Choosing A Healthy Breakfast
Video taken from the channel: LivingHealthyChicago
THIS IS WHAT AN ATHLETE’S BREAKFAST SHOULD LOOK LIKE
Video taken from the channel: Sheldon Tweedie
Breakfast for Athletes
Video taken from the channel: Stamford Hospital
Skipping Breakfast is Bad? New Study Results
Video taken from the channel: Thomas DeLauer
Should You Skip Breakfast?
Video taken from the channel: Paul Revelia
Should You Eat Breakfast Before You Run In The Morning?
Video taken from the channel: Lone Endurance
What Athletes Eat Before They Compete
Video taken from the channel: As/Is
But if food first thing grosses you out or you wake up feeling full, then skipping breakfast might be your best bet. Force feeding only leads to consuming excess calories and ignoring your body’s natural hunger cues. The temptation to skip breakfast for a few precious minutes of sleep is understandable, and for athletes, to their own detriment. When we wake up in the morning our body is dehydrated from an evening of mouth-breathing water vapor.
Glycogen stores are basically empty. Our metabolism is running on idle. “An athlete who is eating relatively healthy is not going to gain an edge by skipping breakfast,” says sports nutritionist Barbara Lewin. Without that fuel, endurance athletes lack the get-up-and-go to push themselves as hard. A hungry athlete’s muscles won’t respond as well either.
If you have a good grasp on your fitness and eating habits and just simply do not enjoy breakfast, don’t feel bad about skipping it. There is plenty of time throughout the day to get the calories and nutrients your body and mind need without cramming it in as soon as you jump out of bed. Breakfast, we’re often told, is the most important meal of the day. It certainly seems that way to me – I can’t imagine making it to noon without eating. But the literature is much more mixed.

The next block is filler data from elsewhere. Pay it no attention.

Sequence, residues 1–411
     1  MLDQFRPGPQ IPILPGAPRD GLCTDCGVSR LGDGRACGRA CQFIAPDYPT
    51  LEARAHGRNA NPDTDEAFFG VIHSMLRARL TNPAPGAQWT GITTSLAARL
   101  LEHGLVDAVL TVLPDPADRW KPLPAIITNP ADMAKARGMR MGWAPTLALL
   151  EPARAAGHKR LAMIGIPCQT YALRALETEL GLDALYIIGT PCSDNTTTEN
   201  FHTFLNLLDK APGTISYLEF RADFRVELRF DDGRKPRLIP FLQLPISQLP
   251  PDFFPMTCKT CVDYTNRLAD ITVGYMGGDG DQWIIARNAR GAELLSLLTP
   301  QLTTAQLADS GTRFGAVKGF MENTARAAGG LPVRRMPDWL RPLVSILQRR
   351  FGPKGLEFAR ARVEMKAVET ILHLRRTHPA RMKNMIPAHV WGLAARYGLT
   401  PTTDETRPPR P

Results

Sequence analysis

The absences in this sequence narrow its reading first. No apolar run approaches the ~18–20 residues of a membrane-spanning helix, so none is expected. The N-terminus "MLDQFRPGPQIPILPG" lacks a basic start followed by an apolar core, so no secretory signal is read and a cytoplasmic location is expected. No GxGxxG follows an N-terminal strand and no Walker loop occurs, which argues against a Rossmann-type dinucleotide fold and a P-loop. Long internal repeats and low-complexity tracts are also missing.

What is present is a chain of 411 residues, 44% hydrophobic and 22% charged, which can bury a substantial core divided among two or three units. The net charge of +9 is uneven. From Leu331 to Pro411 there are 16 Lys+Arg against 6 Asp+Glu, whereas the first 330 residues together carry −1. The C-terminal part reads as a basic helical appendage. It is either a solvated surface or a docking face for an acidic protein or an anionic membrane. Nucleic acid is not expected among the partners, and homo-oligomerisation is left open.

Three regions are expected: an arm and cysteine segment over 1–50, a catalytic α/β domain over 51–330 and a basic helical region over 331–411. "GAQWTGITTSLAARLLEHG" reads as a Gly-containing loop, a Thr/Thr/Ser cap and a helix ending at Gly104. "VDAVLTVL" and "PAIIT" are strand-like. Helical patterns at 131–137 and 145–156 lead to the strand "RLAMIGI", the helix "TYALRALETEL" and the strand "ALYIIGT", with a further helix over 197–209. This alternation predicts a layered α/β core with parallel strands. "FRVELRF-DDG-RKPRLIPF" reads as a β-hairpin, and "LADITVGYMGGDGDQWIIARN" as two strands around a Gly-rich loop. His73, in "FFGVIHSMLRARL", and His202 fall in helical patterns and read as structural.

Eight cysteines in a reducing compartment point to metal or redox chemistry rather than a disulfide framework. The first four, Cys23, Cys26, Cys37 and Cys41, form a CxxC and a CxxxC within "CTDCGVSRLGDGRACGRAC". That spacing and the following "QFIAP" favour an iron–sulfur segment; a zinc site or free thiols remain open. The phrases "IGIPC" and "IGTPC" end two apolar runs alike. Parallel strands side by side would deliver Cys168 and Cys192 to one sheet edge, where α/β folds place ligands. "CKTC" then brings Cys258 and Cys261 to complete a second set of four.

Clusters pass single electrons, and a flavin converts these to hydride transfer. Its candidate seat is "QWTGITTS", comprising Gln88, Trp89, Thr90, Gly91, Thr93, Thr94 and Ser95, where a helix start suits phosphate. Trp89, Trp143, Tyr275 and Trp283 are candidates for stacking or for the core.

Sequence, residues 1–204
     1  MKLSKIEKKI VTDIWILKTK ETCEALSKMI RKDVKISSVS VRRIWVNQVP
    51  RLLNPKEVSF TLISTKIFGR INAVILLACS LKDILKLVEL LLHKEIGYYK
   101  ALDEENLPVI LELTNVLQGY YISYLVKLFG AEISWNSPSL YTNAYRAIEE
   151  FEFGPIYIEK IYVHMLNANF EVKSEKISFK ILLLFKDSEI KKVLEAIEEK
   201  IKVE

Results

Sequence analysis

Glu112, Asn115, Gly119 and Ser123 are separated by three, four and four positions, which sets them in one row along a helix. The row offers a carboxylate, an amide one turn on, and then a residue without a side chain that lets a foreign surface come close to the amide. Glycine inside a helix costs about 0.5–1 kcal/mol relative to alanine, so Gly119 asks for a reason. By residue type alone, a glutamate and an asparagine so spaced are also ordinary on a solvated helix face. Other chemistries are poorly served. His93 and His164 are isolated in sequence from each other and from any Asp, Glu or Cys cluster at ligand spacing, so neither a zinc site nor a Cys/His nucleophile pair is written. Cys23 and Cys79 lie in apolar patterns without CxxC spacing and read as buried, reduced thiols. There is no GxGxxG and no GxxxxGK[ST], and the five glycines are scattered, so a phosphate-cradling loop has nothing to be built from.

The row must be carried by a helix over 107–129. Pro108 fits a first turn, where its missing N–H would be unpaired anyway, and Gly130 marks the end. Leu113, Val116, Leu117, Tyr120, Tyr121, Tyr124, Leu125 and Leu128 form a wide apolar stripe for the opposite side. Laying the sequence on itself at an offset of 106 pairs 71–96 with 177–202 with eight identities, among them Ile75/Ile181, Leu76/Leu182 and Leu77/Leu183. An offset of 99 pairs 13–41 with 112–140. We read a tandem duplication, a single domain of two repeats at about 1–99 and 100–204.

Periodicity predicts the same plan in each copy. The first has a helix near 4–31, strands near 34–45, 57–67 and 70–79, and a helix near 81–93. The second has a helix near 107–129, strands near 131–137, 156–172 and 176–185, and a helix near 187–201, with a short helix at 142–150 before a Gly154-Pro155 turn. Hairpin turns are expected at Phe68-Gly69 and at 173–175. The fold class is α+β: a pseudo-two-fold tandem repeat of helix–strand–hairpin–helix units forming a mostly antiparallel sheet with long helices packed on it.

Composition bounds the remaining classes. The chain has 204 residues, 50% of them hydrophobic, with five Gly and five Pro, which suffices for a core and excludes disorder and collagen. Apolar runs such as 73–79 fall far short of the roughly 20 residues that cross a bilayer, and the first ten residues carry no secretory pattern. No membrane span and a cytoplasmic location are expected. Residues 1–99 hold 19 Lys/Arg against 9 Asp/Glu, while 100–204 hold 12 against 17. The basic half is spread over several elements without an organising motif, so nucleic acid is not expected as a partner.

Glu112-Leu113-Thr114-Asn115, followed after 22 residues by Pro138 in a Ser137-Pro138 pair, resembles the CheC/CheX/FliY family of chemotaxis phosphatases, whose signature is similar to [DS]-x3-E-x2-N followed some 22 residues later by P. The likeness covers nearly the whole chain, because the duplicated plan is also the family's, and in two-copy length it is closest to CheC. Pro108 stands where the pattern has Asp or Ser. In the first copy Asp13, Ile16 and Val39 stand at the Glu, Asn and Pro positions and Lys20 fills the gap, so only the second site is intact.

Without question, breakfast is the meal that makes champions. Unfortunately, many active people follow a lifestyle that eliminates breakfast or includes foods that are far from champion-builders. I commonly counsel athletes who skip breakfast, grab only a light lunch, train on fumes, gorge at dinner and snack on “junk” until bedtime. Whether you break your fast first thing in the morning or much later in the day, our athletes agree that a kick-ass first meal should deliver the energy and nutrients you need to tango with your day’s to-do list. If you want to train like an athlete, or aspire to.
I recommend skipping breakfast daily and break your fast 6-8 hours after you wake up. The reason for this is that it is easier to fall asleep at night if you are satiated rather than hungry. More sleep translates into better recovery.
When it comes to athletes, a decent breakfast should contain 500-750 calories, consisting of roughly 50% carbs, 30% from protein and 20% from healthy fats. Ideal carb sources are fiber-loaded fruits and vegetables, whole grain cereals and whole grain breads; to meet the protein and healthy fat requirements, opt for nuts, seeds, eggs, peanut. Whether you eat or skip breakfast has no effect on the amount of calories you burn throughout the day.
This is a myth.
List of related literature:
|from Practical Applications in Sports Nutrition|
|from Marathon: The Ultimate Training Guide|
|from Beyond Training: Mastering Endurance, Health & Life|
|from Practical Applications In Sports Nutrition BOOK ALONE|
|from The Feed Zone Cookbook: Fast and Flavorful Food for Athletes|
|from Encyclopedia of Sports Medicine|
|from The New Encyclopedia of Modern Bodybuilding: The Bible of Bodybuilding, Fully Updated and Revis|
|from American Dietetic Association Complete Food and Nutrition Guide, Revised and Updated 4th Edition|
|from The Shredded Chef: 120 Recipes for Building Muscle, Getting Lean, and Staying Healthy|
|from Applying Educational Psychology in Coaching Athletes|